Today a collaborator who is working toward more automation in her ordinary computing work asked me how to use the amazing command-line browser wget to get the images out of a web page.
wget has options to grab a whole web site: if you want a page and everything in child directories that is linked off the server you can use the “recursive”, “no parents” and “no clobber” options:
wget -r -np -nc http://www.gnu.org/software/wget/manual/html_node/index.html
will give you a basic mirror of that site, and it will work quite well for that one because it does not have active content that needs to be followed heuristically. But it will not retrieve linked files or images unless they are under the top level directory of that URL.
So this specific page is “The Illustrated Guide to a Ph.D.”, which has gone viral recently. Note that when the openculture web site took it in they separated out the images, so if you look at the web page’s source to the page (control-U in most browsers) you will find it to be under http://www.openculture.com/2010/09/ , but its images are stored at locations such as: http://www.openculture.com/images/PhDKnowledge.001.jpg
So the simple wget command will not grab the images. You might want to automate the process of downloading them all, and there is a very simple shell command sequence to do so. Start by making yourself a sandbox area:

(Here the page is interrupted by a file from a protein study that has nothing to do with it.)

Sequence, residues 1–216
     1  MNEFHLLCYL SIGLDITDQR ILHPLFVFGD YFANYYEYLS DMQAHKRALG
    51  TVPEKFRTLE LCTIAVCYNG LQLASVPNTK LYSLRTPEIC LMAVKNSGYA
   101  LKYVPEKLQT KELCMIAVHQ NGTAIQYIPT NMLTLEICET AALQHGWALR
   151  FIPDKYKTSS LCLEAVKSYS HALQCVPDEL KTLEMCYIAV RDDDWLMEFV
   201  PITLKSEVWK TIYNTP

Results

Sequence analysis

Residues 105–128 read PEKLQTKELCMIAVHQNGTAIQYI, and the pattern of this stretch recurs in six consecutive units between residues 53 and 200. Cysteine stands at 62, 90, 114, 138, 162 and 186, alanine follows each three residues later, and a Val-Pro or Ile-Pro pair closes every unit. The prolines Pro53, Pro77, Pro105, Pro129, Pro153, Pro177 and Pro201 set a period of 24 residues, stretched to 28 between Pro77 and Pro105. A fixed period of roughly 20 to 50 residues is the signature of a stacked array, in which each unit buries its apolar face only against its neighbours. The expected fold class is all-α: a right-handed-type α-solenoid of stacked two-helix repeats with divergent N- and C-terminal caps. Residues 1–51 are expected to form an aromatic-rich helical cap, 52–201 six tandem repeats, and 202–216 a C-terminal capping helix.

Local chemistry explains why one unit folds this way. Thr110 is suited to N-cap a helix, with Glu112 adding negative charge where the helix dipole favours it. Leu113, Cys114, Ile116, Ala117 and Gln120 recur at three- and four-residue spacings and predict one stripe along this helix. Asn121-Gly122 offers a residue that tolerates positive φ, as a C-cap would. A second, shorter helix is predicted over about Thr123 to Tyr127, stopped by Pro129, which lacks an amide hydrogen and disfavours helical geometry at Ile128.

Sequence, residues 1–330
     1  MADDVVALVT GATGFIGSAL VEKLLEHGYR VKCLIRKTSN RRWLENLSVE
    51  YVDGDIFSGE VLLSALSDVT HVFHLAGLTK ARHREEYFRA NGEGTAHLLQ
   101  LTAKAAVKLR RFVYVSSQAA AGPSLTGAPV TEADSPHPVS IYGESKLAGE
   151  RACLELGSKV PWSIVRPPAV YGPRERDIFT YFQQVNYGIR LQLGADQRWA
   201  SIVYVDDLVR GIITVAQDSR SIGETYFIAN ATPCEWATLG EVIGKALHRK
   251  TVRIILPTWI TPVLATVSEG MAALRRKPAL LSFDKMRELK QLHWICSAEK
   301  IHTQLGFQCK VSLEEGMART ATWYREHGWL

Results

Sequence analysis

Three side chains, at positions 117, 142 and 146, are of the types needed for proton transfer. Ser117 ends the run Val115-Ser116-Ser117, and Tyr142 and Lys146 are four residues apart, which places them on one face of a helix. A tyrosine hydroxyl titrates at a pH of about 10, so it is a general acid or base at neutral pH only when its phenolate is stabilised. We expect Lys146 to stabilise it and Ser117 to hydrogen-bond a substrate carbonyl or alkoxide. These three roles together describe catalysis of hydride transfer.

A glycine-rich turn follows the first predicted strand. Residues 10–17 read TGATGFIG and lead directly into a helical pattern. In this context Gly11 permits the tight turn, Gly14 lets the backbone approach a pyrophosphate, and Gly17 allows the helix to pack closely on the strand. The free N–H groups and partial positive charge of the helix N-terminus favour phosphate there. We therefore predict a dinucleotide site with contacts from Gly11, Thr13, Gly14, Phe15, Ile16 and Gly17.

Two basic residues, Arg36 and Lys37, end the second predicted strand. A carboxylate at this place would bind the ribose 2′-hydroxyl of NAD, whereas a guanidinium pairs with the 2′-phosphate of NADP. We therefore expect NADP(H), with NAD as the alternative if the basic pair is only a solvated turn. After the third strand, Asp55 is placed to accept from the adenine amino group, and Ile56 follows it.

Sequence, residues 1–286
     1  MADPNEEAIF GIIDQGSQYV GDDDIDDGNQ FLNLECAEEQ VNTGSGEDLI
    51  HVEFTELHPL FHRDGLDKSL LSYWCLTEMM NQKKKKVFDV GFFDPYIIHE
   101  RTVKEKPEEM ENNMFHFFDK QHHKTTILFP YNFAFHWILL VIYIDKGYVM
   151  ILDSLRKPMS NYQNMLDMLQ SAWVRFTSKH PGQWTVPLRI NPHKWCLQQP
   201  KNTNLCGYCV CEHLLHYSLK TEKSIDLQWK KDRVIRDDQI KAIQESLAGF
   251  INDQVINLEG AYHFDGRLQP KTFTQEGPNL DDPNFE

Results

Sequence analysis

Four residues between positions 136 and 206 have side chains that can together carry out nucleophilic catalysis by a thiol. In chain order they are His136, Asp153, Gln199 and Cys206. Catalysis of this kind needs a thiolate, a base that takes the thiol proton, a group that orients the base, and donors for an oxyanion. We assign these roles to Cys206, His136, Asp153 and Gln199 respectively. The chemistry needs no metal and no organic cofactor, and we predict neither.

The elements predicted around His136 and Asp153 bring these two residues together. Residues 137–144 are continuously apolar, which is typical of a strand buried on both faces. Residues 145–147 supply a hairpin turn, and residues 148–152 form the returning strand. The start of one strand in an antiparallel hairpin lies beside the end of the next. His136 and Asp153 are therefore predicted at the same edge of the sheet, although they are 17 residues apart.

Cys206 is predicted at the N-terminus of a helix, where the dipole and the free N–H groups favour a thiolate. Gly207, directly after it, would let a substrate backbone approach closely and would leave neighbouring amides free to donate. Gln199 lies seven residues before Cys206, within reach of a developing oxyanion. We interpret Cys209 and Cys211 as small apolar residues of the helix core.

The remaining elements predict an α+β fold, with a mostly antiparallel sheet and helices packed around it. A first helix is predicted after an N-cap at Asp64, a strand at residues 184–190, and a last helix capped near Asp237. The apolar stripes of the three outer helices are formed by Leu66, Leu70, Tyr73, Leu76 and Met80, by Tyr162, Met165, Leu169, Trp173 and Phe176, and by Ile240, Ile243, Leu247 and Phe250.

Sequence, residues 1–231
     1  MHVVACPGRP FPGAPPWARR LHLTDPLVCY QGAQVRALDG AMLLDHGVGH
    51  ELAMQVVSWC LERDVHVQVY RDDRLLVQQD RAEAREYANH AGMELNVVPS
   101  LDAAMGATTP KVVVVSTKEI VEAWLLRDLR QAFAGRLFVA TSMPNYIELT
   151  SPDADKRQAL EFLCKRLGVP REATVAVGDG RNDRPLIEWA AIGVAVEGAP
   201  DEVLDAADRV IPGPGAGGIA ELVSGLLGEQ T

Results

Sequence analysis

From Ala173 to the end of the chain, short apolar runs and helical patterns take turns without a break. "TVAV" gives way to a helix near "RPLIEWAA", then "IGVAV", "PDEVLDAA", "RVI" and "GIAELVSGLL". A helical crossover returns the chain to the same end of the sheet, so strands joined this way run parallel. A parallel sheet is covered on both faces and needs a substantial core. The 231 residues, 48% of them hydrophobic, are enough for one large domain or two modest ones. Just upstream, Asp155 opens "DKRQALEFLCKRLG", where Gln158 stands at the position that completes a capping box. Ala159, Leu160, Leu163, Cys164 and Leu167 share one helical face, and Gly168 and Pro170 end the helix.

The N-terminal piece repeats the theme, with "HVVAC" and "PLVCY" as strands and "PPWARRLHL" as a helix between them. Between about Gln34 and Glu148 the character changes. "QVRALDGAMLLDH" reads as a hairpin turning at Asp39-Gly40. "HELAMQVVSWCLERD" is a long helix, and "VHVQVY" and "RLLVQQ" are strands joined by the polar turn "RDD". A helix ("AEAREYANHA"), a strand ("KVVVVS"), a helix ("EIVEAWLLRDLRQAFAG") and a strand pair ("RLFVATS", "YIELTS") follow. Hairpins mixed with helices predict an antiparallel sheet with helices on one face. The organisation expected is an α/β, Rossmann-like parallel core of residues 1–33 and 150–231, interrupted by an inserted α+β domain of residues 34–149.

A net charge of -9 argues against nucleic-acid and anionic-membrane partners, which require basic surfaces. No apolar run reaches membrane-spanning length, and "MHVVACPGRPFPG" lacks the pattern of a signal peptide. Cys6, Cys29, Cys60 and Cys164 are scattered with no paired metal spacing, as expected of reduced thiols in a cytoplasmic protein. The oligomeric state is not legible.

mkdir ~/sandbox cd ~/sandbox
Then grab the top level URL:
Now you will have the file the_illustrated_guide_to_a_phd.html in your current directory. Next experiment with grep and sed to get the list of jpg URLs:
grep '\.jpg' the_illustrated_guide_to_a_phd.html
Now that you see what lines have a .jpg in them, use the sed command to edit out everything except for the URL. A typical line looks like:
<div class="graphic"><img alt="" src="http://www.openculture.com/images/PhDKnowledge.006.jpg" width="440" /></div>
which clearly needs to be cleaned up. This sed command will use a regular expression that matches everything between the =” and the jpg” and prints out just that part. It uses the \( and \) for making a “group” of the interesting part. The group is then what gets printed with the \1
grep '\.jpg' the_illustrated_guide_to_a_phd.html | sed 's/.*="\(.*jpg\)".*/\1/'
which gives you lines like:
you are now ready to use wget on those individual image URLs:
JPG_LIST=`grep '\.jpg' the_illustrated_guide_to_a_phd.html | sed 's/.*="\(.*jpg\)".*/\1/'`
Then iterate through that list grabbing each URL:
for jpg_url in $JPG_LIST do echo $jpg_url wget "$jpg_url" done
To see this whole inline script (you can paste it in as it is):
mkdir ~/sandbox cd ~/sandbox wget http://www.openculture.com/2010/09/the_illustrated_guide_to_a_phd.html JPG_LIST=`grep '\.jpg' the_illustrated_guide_to_a_phd.html | sed 's/.*="\(.*jpg\)".*/\1/'` for jpg_url in $JPG_LIST do echo $jpg_url wget "$jpg_url" done
A final note: the original article by Matthew Might was on his web site and he had organized his page to have the images in the hierarchy of the HTML. This is a more robust web site layout, and the recursive wget command would have mirrored it well:
wget -r -np -nc http://matt.might.net/articles/phd-school-in-pictures/ find matt.might.net -name '*.jpg' -print